We will discuss and verify this analysis by different data sets for network training and testing, and compare the differences between various schemes to illustrate the necessity of using cascade network.

Tables Icon

Table 1. Image quality evaluation index for different objects of proposed method.

We designed two other networks: SIM-D (D stands for direct output) and SIM-LHP (LHP stands for phase information from low-resolution to high-resolution). Their architectures are the same as the SIM-LHA and SIM-AP, but the difference is the data set given to them. Our purpose is to determine what kind of data set and network combination is the best for generating high-resolution phase information. As shown in Fig. 7, for the cascade network, the WF amplitude image obtained by the experiment is used as the input of SIM-LHA, and the high-resolution amplitude image output is used as the input of SIM-AP, finally this cascade network outputs high-resolution phase images. For SIM-D, only the WF amplitude image is used as the input, and it directly output high-resolution phase images. For SIM-LHP, the inputs are WF phase images reconstructed by phase-shifting which are obtained from experiments and have never been used before. According to the aforementioned analysis, we compare the output results of the three networks to estimate their ability to obtain high-frequency and information conversion.

 figure: Fig. 7.

Fig. 7. Schematic diagram of data processed by different networks. (a) Cascade network composed of: SIM-LHA and SIM-AP; (b) SIM-D; (c) SIM-LHP.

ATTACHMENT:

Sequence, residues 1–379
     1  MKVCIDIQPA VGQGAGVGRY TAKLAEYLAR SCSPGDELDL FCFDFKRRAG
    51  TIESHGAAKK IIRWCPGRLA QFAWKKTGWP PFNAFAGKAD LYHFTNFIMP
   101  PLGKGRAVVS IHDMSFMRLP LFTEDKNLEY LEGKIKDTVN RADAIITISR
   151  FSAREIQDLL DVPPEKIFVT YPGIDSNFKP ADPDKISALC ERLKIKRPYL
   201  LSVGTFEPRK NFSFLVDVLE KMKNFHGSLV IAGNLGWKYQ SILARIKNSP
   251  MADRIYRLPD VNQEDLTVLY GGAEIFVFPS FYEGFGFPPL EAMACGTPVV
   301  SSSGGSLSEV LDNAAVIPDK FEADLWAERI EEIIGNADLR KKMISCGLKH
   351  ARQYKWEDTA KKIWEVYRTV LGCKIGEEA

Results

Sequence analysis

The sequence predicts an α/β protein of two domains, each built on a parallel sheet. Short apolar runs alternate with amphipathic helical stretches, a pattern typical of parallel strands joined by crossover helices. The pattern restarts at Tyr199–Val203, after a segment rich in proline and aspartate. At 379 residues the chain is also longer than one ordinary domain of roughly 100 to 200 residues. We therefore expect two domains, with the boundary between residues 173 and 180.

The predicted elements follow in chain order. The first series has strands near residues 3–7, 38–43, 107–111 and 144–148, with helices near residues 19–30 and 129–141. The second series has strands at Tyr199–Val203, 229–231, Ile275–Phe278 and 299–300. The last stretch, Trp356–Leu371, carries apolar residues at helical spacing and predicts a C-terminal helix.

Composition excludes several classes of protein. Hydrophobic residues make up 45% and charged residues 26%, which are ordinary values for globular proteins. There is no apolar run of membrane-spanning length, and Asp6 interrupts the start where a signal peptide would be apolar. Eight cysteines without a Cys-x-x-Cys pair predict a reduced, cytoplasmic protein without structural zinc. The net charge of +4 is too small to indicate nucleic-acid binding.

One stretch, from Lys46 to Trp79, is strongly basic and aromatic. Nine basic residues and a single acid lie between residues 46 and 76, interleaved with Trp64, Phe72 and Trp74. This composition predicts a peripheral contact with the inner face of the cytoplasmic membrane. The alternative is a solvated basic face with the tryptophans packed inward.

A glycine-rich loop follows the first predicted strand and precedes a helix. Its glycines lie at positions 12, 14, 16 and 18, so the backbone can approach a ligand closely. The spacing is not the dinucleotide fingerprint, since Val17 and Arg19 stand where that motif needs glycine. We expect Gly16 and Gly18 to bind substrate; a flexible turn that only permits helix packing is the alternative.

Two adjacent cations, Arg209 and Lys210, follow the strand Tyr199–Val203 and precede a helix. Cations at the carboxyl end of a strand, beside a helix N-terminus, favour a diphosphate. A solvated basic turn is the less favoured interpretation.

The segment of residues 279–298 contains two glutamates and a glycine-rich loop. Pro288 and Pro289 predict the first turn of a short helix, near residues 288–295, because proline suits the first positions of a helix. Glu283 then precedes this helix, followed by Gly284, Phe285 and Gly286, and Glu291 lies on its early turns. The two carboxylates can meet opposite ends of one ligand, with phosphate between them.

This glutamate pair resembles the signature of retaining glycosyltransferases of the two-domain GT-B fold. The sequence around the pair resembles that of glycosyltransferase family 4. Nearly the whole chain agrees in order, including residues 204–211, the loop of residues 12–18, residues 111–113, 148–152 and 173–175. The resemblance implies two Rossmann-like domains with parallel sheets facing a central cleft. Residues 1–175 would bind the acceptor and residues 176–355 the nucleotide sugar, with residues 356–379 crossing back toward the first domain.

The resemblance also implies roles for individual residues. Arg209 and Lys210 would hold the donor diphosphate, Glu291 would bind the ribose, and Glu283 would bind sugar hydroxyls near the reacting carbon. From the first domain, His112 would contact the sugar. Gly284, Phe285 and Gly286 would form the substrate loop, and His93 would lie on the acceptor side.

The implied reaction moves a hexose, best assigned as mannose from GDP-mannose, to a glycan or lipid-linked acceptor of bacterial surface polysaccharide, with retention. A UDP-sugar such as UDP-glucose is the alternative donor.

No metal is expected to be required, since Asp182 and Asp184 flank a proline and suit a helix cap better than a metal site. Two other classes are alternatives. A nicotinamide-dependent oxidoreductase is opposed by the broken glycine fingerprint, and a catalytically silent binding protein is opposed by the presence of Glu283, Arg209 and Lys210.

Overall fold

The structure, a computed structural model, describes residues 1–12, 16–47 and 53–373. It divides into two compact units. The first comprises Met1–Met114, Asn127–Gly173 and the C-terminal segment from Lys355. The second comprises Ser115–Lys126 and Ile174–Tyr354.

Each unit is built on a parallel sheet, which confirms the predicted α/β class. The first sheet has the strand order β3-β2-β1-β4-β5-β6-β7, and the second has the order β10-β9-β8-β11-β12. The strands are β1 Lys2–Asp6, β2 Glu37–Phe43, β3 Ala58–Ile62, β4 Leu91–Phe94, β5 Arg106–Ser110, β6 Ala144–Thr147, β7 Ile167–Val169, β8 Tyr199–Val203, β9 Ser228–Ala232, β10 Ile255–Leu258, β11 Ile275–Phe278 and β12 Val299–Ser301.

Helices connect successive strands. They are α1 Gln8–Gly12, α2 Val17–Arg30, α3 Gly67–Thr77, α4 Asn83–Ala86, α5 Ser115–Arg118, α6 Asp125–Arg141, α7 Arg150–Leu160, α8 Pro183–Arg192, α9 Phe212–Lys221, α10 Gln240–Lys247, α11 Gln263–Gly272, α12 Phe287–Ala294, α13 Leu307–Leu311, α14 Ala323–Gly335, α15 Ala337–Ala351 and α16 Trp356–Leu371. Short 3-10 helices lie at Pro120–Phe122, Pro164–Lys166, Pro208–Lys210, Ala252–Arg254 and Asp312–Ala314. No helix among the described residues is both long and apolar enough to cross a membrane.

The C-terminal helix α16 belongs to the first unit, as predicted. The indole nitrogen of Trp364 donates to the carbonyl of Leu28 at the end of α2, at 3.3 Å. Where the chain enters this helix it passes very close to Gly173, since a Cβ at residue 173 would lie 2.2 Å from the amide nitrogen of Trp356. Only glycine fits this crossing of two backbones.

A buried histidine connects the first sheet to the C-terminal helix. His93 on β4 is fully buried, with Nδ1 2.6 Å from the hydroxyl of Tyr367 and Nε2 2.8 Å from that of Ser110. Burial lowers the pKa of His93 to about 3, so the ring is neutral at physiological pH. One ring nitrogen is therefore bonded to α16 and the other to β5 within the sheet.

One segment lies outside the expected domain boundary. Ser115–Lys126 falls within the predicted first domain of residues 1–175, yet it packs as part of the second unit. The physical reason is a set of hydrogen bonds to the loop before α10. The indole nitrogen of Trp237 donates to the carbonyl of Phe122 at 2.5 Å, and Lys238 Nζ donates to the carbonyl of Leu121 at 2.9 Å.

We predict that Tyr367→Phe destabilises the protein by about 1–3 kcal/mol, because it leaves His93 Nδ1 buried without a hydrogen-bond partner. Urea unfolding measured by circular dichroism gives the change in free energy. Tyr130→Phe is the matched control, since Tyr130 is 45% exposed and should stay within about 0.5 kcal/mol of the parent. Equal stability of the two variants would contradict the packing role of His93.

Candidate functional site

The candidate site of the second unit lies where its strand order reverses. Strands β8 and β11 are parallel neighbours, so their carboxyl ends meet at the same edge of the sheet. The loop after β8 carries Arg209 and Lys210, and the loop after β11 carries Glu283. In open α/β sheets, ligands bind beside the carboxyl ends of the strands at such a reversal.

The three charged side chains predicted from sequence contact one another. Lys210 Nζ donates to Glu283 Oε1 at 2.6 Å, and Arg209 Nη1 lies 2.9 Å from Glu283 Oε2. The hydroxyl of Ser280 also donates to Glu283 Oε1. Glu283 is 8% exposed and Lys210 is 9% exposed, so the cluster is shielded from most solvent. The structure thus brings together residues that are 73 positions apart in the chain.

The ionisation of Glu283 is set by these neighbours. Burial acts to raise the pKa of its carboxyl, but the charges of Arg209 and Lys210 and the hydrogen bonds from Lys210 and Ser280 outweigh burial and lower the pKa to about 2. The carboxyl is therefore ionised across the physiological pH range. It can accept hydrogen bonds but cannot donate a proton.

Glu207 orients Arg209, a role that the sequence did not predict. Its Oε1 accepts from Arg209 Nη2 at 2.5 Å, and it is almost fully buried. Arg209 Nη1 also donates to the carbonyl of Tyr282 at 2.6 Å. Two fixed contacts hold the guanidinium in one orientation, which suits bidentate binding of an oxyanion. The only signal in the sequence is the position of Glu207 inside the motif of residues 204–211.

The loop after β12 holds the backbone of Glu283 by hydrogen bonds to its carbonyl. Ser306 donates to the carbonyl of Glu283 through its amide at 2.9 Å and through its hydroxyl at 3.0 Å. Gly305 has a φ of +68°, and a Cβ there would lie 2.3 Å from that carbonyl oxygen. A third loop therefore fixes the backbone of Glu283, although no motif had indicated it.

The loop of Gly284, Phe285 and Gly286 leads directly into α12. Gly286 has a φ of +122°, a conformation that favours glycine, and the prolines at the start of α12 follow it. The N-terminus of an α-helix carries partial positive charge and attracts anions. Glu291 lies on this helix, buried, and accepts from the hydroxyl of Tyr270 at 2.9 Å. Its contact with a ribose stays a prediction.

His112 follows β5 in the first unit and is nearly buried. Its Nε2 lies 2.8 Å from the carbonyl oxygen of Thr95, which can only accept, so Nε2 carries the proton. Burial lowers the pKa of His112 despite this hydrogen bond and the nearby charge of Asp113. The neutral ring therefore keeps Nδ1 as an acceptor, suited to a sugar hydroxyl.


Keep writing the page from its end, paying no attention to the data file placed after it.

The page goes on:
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We input the corresponding images of the three objects to the three networks. Under the premise that all environmental variables are constant, the network is trained for the same 100 epochs. The result is shown in Fig. 8. For comparison, the SIM phase images of the ground truth obtained by the traditional reconstruction are also shown in Fig. 8(a). For the three objects, image patches with different field-of-view are selected. There are visible error in the output of SIM-D. Especially for neurons having complex structures, the network cannot provide more high-frequency information. Compared with the other two networks, the output of SIM-D on polystyrene particle-cluster and sarcina generates false information. Therefore, SIM-D performs worse than the other two networks. The plots in Fig. 8(b), (c) and (d) show the index statistics of the output results of the three networks for the three different objects. For the output of high-resolution phase images, the capabilities of SIM-D, SIM-LHP and SIM-AP are sequentially improved. The average value of the index is summarized in Table 2. It can be seen that SIM-D, which performed both the high-frequency information filling task and the information conversion task, has the lowest index, followed by SIM-LHP, which only performed the high-frequency information filling task. SIM-AP in the cascade network only performing information conversion reached the highest quality. This validates our expectation that for the proposed network, the task of filling high-frequency information is more difficult than the task of transforming amplitude to phase. Therefore, when only relying on the WF amplitude image to allow the target network to generate high-resolution phase information, the proposed cascade network structure should be used since it does not require complex experimental settings.

 figure: Fig. 8.

Fig. 8. (a) Comparison of different networks. (b), (c) and (d) are plots of the SSIM and PSNR of the high-resolution phase image of polystyrene particle-cluster, sarcina and neurons respectively in different networks. The red-brown box, olive green box and cobalt blue box represent the output results of SIM-D, SIM-LHP and SIM-AP, respectively. The median of the two evaluation indicators is given by the red line in the center of the box, outliers are indicated by circles.

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Tables Icon

Table 2. Image quality evaluation index for SIM-D, SIM-LHP and the cascade network.